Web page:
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Black Rain

From Internet Movie Firearms Database - Guns in Movies, TV and Video Games
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Black Rain
Theatrical Release Poster
Country Flag of the United States.jpgUnited States
Directed by Ridley Scott
Release Date 1989
Studio Jaffe-Lansing
Pegasus Film Partners
Distributor Paramount Pictures
Main Cast
Character Actor
Detective Sergeant Nick Concklin Michael Douglas
Detective Charlie Vincent Andy Garcia
Inspector Masahiro Matsumoto Ken Takakura
Joyce Kate Capshaw
Lt. Oliver John Spencer
Yakuza assassin Al Leong
Yoshimoto Jun Kunimura

Black Rain is a 1989 thriller directed by Ridley Scott and starring Michael Douglas and Andy Garcia as NYPD detectives who find themselves working with the police in Osaka, Japan to recapture the Yakuza boss they were transporting back and mistakenly let go. Making the film was not only grueling, but difficult as there were many clashes in the methods of Western film productions and Japanese film productions operated. Apparently the 'rules & regulations'-oriented Japanese system aggravated cinematographer Howard Atherton so much that he left and the remaining camera work was completed by Jan de Bont (who shot Die Hard and would later direct Speed). It is noteworthy that lead actor Yusaku Matsuda who played the main villain Sato, was dying of cancer, but refused to reveal the advanced stage of his disease to director Ridley Scott for fear that he would be replaced. He finished the movie, telling others that sacrificing his chances at "living a few more months" was a worthy trade off for the chance to "live forever" in a motion picture. He passed away seven months after the movie's American premiere. The cast also included Kate Capshaw and legendary Japanese actor Ken Takakura.

The following weapons were used in the film Black Rain:



Colt Python Snub Nose

NYPD Detective Sergeant Nick Conklin (Michael Douglas) uses a blued snub-nosed Colt Python as his main service weapon. However, once Conklin and Charlie arrive in Japan, the Osaka Police Chief stressed that they hand in their guns since they are "civilians" there, so grudgingly turns his Python in and is never seen again throughout the remainder of the movie.

This is the actual screen used/fired Colt Python which was rented to the production in November 1988 by Weapons Specialists Ltd. © Copyright Derek Hedlund Licensed to www.imfdb.org
Conklin fires his Python at the fleeing Yakuza.
Conklin aims his Python outside the airliner after discovering that he'd been duped into releasing Sato.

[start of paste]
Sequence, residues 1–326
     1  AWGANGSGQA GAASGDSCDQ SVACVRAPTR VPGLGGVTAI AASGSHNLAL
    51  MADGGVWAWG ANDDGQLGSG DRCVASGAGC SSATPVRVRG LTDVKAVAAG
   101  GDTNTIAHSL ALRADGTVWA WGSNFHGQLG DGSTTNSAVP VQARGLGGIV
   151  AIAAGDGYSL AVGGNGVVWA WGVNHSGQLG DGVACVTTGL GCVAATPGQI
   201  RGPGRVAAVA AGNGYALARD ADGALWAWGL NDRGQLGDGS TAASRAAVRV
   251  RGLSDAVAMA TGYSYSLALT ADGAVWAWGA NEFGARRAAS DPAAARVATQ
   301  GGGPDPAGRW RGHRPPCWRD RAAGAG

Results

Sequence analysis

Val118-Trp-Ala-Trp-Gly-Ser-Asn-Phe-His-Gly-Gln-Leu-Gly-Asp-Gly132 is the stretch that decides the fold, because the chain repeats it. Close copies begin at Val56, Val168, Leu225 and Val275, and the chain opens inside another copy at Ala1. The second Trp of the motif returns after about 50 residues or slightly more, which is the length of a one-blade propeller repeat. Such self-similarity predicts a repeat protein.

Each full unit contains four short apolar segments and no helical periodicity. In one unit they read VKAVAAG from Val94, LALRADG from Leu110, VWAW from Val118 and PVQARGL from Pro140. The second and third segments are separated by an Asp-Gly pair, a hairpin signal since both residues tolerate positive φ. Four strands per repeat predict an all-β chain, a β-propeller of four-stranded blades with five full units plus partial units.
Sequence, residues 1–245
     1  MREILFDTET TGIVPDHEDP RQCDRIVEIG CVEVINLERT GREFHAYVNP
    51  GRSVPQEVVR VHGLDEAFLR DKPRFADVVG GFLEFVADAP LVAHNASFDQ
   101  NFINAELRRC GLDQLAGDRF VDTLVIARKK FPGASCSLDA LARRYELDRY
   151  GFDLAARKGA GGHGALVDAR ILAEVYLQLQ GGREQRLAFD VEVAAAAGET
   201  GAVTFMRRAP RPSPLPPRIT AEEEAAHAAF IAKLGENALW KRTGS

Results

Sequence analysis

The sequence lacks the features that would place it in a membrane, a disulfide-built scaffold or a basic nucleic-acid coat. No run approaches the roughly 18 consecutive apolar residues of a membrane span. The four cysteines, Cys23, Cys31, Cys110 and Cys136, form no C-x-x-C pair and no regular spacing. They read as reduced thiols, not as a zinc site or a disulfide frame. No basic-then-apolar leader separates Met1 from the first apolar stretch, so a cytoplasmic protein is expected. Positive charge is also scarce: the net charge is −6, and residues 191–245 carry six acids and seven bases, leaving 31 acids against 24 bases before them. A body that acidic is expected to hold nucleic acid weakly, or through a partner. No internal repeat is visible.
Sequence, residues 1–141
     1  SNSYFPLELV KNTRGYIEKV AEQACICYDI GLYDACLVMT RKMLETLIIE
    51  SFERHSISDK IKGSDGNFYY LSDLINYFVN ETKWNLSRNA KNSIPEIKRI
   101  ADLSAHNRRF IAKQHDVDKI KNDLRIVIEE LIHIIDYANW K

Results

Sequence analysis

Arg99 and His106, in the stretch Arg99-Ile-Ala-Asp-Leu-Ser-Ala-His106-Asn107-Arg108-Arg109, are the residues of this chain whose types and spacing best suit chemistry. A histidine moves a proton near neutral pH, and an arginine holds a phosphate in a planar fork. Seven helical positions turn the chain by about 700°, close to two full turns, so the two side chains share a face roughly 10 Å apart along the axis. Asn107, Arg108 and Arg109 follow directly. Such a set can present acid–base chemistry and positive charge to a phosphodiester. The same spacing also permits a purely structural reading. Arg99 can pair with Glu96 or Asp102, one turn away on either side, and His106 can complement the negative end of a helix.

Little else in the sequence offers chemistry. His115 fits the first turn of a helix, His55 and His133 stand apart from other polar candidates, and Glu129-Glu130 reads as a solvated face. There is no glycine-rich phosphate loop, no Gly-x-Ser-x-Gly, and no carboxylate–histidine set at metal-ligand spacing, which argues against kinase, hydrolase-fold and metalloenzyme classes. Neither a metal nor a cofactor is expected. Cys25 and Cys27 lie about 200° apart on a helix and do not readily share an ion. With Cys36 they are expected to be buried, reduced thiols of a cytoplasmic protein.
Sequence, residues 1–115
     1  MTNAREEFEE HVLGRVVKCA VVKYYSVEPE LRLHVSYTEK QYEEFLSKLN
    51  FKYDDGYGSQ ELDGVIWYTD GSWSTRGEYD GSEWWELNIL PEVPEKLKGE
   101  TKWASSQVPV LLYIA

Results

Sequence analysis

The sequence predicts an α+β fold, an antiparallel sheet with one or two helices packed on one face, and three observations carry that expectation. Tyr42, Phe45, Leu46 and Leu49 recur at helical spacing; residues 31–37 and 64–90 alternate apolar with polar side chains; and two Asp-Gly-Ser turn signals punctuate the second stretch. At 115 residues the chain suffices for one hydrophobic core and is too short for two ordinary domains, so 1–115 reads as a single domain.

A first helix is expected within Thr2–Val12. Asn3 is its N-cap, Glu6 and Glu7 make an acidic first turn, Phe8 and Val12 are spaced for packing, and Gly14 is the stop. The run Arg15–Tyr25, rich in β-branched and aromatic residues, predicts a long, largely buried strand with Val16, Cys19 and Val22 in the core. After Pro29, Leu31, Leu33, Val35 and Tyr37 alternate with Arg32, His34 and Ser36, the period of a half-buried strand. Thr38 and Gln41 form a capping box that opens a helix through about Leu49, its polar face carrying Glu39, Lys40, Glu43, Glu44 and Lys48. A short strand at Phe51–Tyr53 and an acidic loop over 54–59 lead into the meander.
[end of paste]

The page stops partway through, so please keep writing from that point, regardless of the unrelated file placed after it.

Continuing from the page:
Colt Detective Special

NYPD Detective Sergeant Nick Conklin (Michael Douglas) uses a Colt Detective Special as his backup handgun. Shortly after they arrive in Osaka there is a scene where Conklin and his partner Charlie Vincent are in the Japanese police headquarters. Both the Colt Python snub and the Colt Detective Special are visible on Conklin's belt. Conklin carries the two revolvers next to each other in what is known as a "New York Reload". This scene takes place before the two NYPD detectives are forced to turn over their handguns to the Osaka police.

Colt Detective Special 1st Gen - .38 Special
Conklin (Michael Douglas) deploys his Colt Detective Special while holding his Colt Python in his left.
Conklin searches for Sato with his backup Colt in a meat packing plant.
While waiting in Osaka Police Headquarters, Conklin is seen here carrying his two revolvers next to each other in what is known as a "New York Reload".

Smith & Wesson Model 66 Snub Nose

NYPD Detective Charlie Vincent (Andy Garcia) carries a Smith & Wesson Model 66 Snub Nose Revolver (with Pachmayr Presentation Grips) during the first half of the movie. Nick Conklin (Michael Douglas) is then given the revolver from Matsumoto (Ken Takakura), and uses it in the steel factory shootout.

Smith & Wesson Model 66 Snub Nose with Pachmayr grips - .357 Magnum
Charlie Vincent (Andy Garcia) draws his Smith & Wesson Model 66 Snub Nose Revolver at the Italian restaurant.
Charlie Vincent (Andy Garcia) gives up his Smith & Wesson Model 66 Snub Nose Revolver after being told by the Osaka police that they cannot carry their weapons while in Osaka.
Nick Conklin (Michael Douglas) with the S&W model 66 in the steel foundry as he's being taunted by Sato.

Smith & Wesson Model 36

The Smith & Wesson Model 36 is carried by several members of the Osaka Police during the raid on the Yakuza hideout, standing in for the Nambu Model 60. (The Nambu is the official sidearm of Japanese police, but access to the Nambu is tightly controlled, so film-makers often substitute the broadly-similar Model 36.)

Smith and Wesson Model 36 - .38 Special - 5 shot
Osaka officer wields the S&W Model 36.
Closeup of the Model 36.

Colt Diamondback

It appears that one of the uniformed N.Y.P.D. officers assisting Conklin (Michael Douglas) and Charlie (Andy Garcia) when they arrest Sato in the meat packing plant is carrying a Colt Diamondback. Technically this is incorrect. A uniformed N.Y.P.D. officer in the late 1980's would not have carried that model and instead would have more than likely been carrying a Ruger Security Six, Smith & Wesson Model 64 or the Smith & Wesson Model 10. However Conklin is shown carrying a Colt Python and Charlie has a S&W Model 66. Neither model would have been carried by a N.Y.P.D. detective in the 1980's so consider it poetic license.